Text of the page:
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Sharing Economy Concepts: Legal Challenges in the Real Estate Sector


Airbnb and Uber have changed the way we think about travelling and accommodation, but how does a sharing economy affect the real estate sector?

While a sharing economy is not new in other fields of the economy, it has only become widely used in the real estate sector in recent times. Room sharing, office and workplace sharing, and even sharing of parking spots are getting popular, while several applications aim at improving the coordination of construction projects by sharing workforces and equipment. The shifting of consumer preferences from ownership to sharing, from individual use to cooperative utilization appears to be a worldwide trend. Whether the model is connecting consumer-to-consumer or business-to-business, people find new ways to connect and share their resources.  

However, despite the economic and social benefits of the concept, the opportunities do not come without challenges.   

Legal Challenges for Sharing Economies

In terms of regulatory regimes, sharing economies are often considered as a grey area between highly regulated business activities and less legally controlled acts of private individuals. The disputes between room-sharing companies and the hotel industry which have been in the media spotlight lately have revealed some general issues and regulatory gaps which could also impact other sharing economy concepts. 

In Hungary, for example, room sharing does not qualify as a standard lease relationship but as a short term accommodation service provided by the host. While lease agreements aim at the long term lease of properties and require no permits and licences in general, accommodation services are limited to a shorter period, may involve additional services not traditionally associated with leases (such as cleaning services, serving breakfast, etc.), and may also be subject to certain licensing and notification obligations. The problem with this distinction is well known: some hosts do not obtain necessary licences and fail to pay taxes in connection with the services provided. Given that these hosts are actually competing with hotels and other accommodation service providers, they can therefore obtain an economic advantage to their competitors and cause significant tax revenue losses for the state. Because in typical cases both the host and the guest are private individuals, non-compliance with these provisions is extremely difficult to monitor and track down by the competent authorities – in particular the tax authorities. Frequently the conditions of the agreement between the host and its guests are not clearly regulated, and/or the general terms and conditions are not available in certain languages, which can lead to legal disputes and also cause consumer protection issues. One of the greatest challenges of sharing economies will be to mitigate language, liability, and security concerns.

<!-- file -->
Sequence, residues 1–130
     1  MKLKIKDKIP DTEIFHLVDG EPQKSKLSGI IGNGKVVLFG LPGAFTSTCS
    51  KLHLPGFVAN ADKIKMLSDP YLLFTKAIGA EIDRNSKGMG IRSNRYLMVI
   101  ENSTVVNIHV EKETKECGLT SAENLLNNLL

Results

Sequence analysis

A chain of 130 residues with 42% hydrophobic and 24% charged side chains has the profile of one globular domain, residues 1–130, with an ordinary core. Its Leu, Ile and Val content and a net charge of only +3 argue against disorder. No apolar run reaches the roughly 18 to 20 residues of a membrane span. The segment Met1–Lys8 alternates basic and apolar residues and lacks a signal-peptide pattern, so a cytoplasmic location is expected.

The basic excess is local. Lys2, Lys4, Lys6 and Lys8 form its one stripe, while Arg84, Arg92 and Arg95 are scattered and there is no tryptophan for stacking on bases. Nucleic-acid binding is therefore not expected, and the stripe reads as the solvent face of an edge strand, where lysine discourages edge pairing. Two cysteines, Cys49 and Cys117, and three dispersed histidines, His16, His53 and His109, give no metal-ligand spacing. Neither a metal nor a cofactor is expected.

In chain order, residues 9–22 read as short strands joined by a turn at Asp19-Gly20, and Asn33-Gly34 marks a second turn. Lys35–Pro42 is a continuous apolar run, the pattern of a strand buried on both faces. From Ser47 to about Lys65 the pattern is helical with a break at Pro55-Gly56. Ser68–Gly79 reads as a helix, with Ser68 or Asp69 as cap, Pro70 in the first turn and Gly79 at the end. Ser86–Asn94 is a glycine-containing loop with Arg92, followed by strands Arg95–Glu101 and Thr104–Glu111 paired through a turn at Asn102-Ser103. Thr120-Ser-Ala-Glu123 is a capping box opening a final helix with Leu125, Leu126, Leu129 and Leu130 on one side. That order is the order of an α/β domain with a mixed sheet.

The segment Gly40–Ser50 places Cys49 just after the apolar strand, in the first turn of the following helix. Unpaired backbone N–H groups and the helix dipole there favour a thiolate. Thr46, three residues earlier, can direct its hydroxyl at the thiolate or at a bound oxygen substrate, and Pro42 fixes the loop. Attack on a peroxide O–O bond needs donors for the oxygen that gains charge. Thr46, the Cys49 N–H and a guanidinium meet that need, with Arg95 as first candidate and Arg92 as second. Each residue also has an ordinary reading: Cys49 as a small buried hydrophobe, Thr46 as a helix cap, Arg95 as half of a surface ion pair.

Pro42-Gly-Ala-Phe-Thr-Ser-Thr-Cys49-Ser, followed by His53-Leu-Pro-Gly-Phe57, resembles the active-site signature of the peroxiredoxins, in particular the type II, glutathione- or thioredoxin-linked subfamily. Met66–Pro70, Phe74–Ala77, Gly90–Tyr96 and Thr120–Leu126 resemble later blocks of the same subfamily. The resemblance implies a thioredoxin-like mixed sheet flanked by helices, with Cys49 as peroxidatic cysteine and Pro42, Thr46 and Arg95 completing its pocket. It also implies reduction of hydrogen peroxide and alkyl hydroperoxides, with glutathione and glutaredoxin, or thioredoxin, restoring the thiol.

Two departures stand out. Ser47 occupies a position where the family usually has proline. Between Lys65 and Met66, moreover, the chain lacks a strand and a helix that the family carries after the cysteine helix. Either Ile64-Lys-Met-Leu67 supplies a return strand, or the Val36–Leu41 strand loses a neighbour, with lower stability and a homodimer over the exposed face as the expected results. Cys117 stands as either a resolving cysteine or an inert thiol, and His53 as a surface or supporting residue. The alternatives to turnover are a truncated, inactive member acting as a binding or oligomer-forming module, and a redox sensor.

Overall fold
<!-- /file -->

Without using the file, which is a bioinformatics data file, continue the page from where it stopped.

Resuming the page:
In Hungary, other legal concerns have also arisen in connection with room sharing activities, as the growing demand on hosting services and the increased use of privately owned properties for short term rentals has caused a shortfall in the amount of real estate available for general living and housing purposes on the market. These two factors together have resulted in a rise of rental fees and purchase prices on residential property market in Budapest.

In light of present market trends, it is not hard to anticipate that new sharing economy models and concepts will appear in the near future. As the sharing economy expands and becomes more and more common, it is vital to set the boundaries between collective sharing and business activities and between regular users and users for business purposes. Given that the regulatory gaps of sharing-economy models will be regulated in a proper and reasonable way that considers changing consumer habits and the need for ensuring competition on the relevant markets, nothing will stand in the way of future growth of sharing economies. Nevertheless, the incredibly fast expansion of sharing economies has shown that we cannot take existing business models for granted.

By Tamas Balogh, Attorney at Law, Schoenherr Hungary 

This Article was originally published in Issue 3.2 of the CEE Legal Matters Magazine. If you would like to receive a hard copy of the magazine, you can subscribe here.